As covered by Retail Environments, Retail Leader, Progressive Grocer, Convenience Store News, Smart Brief, Morning News Beat, and many other publications, the results of a survey of over 1,200 U.S. Millennial, Generation X, and Baby Boomer consumers, conducted by retail design firm King Retail Solutions (“KRS”), emphasize the changing face of the retail industry and shoppers’ evolving attitudes towards when, where, and how (e.g., on their phone, via a subscription, online for in-store pickup) they will shop – with a special focus on category blurring in the areas of groceries, fresh meals, and services ranging from haircuts to medical treatment.
To view the report compiled based upon the 4-part study, please complete this brief form.
Now in its second year, KRS’ annual survey has expanded to include six new categories, offering valuable insights into U.S. shoppers’ habits and attitudes when it comes to:
– Retailer Use of In-Store Mobile Tracking
– Smartphone Shopping Apps
– Buying Online for In-Store Pickup
– Retail Subscription Services
– Causes for In-Store Delight
– How Shoppers Prefer to Receive Assistance/Information
Equal parts male/female, and located in urban, suburban, and rural areas across the United Stated, shoppers were polled on their past shopping habits, their current shopping attitudes, and their decision making factors.
On the topic of category blurring (ex. purchasing a fresh prepared meal from a pharmacy or a haircut from a grocery store) the landscape is evolving, even since last year. Target and Walmart remain top preferred retailers in each category. Discounters like T.J.Maxx, HomeGoods, Marshalls, Big Lots, and Ross Stores gained relevance this year in capturing grocery sales, as did so-called “dollar stores” including Dollar Tree, Dollar General, Family Dollar, and 99 Cents Only Stores.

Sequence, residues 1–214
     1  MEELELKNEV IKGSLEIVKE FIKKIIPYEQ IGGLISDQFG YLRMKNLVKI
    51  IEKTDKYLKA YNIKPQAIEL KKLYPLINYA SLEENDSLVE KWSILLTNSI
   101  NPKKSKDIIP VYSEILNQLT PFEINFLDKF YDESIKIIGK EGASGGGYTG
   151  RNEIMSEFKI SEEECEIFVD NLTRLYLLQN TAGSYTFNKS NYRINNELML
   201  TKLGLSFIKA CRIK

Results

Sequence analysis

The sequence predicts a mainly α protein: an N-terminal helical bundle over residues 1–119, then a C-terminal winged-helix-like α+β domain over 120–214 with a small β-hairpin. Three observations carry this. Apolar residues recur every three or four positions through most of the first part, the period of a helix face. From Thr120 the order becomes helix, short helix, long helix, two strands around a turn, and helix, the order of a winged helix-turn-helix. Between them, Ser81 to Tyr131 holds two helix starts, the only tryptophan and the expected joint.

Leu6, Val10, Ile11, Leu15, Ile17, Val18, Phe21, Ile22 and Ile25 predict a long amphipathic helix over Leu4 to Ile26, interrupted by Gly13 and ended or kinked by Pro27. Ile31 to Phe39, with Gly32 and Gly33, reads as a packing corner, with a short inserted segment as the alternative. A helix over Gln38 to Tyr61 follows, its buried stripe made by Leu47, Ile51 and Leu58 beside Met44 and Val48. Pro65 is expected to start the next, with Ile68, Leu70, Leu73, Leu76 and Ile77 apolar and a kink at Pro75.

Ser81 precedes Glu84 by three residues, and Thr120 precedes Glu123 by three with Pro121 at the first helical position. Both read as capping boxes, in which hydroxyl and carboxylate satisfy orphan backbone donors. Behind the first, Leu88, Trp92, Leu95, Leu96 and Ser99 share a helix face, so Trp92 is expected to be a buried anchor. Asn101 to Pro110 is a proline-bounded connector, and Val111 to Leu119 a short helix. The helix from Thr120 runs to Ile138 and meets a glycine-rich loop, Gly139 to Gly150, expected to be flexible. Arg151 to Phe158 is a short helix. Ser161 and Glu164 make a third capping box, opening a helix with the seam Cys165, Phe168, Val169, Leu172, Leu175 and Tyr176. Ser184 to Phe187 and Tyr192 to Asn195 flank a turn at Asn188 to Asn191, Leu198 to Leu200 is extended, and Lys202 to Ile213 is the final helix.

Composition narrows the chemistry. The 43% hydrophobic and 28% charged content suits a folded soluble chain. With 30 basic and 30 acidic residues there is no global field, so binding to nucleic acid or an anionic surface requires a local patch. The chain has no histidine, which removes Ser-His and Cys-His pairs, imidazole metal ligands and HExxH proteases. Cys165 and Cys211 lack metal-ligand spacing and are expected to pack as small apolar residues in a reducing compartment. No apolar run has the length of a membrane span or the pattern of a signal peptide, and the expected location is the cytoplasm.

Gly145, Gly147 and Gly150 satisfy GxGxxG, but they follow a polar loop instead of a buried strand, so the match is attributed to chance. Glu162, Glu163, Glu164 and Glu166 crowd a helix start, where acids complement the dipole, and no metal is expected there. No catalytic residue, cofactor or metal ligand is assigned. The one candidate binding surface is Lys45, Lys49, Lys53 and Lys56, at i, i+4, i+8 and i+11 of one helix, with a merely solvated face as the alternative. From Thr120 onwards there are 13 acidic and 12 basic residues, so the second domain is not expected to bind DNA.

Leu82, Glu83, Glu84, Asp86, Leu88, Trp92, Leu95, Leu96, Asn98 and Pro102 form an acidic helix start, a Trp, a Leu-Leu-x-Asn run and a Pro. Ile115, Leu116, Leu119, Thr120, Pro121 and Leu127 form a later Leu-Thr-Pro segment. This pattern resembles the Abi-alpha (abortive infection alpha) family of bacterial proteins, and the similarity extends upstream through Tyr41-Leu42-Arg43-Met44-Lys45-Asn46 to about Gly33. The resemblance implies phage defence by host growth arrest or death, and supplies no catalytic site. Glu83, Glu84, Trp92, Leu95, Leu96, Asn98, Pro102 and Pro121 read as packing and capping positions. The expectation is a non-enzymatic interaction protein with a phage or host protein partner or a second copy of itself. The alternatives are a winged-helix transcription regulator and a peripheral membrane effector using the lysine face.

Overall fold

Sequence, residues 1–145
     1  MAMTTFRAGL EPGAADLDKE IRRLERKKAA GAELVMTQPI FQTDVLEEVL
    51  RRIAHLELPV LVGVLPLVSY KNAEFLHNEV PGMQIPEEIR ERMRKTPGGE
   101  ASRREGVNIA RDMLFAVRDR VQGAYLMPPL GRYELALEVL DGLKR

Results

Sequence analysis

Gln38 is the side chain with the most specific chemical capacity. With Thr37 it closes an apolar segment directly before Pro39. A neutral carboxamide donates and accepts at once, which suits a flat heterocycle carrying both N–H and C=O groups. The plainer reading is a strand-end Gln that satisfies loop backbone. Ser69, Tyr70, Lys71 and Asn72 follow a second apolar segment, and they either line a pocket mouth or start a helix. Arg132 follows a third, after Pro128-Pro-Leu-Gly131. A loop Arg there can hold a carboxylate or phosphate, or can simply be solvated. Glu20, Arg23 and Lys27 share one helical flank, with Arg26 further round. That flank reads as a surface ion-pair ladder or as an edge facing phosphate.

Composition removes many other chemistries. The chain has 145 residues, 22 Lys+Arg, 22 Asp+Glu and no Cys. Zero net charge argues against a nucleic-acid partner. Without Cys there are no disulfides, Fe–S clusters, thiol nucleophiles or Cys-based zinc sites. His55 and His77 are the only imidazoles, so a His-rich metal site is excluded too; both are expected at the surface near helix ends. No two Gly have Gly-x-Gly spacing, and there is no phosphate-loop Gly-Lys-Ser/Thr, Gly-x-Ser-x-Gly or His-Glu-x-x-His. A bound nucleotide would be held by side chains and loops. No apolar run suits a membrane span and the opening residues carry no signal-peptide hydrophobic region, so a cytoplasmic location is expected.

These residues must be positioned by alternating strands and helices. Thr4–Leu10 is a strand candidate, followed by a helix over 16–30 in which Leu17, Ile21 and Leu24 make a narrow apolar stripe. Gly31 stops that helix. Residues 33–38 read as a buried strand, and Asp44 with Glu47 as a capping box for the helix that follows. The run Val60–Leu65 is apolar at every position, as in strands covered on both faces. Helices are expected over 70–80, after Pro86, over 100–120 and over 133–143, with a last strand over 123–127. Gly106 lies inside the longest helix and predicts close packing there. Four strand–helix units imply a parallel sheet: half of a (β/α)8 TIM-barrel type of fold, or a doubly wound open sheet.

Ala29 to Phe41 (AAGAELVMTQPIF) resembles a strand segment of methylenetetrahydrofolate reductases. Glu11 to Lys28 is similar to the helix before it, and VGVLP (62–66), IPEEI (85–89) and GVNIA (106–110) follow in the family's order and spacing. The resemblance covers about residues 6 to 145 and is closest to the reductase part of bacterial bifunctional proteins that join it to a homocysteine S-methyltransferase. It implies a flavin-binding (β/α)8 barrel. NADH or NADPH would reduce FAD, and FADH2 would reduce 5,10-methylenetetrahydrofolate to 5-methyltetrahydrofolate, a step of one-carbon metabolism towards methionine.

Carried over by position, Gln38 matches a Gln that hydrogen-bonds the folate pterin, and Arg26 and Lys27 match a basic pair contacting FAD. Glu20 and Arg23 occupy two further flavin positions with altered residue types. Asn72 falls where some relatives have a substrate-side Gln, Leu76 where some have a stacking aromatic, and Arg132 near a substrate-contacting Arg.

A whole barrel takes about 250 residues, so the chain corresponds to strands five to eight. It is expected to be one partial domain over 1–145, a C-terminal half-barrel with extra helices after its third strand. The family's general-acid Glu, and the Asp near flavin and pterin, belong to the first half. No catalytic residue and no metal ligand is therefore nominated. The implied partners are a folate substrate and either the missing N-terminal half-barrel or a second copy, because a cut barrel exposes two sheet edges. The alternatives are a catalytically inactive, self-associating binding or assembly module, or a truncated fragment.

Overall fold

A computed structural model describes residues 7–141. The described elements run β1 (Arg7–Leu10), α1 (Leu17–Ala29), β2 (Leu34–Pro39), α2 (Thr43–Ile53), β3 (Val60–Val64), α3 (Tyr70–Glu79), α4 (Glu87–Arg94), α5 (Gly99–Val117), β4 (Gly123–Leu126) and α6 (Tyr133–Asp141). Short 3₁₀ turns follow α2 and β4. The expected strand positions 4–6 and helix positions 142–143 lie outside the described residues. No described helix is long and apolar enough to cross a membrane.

The study also analyzes demographic variances in habit and attitude (age, sex, family status, locale all affect decision making) and suggests that:
– Category blurring will continue to thrive, providing quality is there
– Smartphones will continue to grow as a shopping tool both for online and offline purchases
– Retailers should be looking to enhance both mobile technology and customer service
On the survey results, KRS executive vice president, Andrew Swedenborg, commented, “Retailers today are being asked to spin a lot of plates when it comes to maintaining and, more importantly, adding to their relevance with shoppers. People are shopping everywhere they’re plugged in. Different types of shoppers approach those purchases with different attitudes. They’re researching quality, price, convenience. Some expect to have customized offers pushed directly. Others don’t like that. It’s all about creating a program that brings enough unique value to the table to differentiate your brand and then being able to scale that program to meet your shoppers where they’re at, in some ways hyper-personalized to respect each shopper’s preferences and boundaries.”
To download this study as a PDF, please complete this brief form.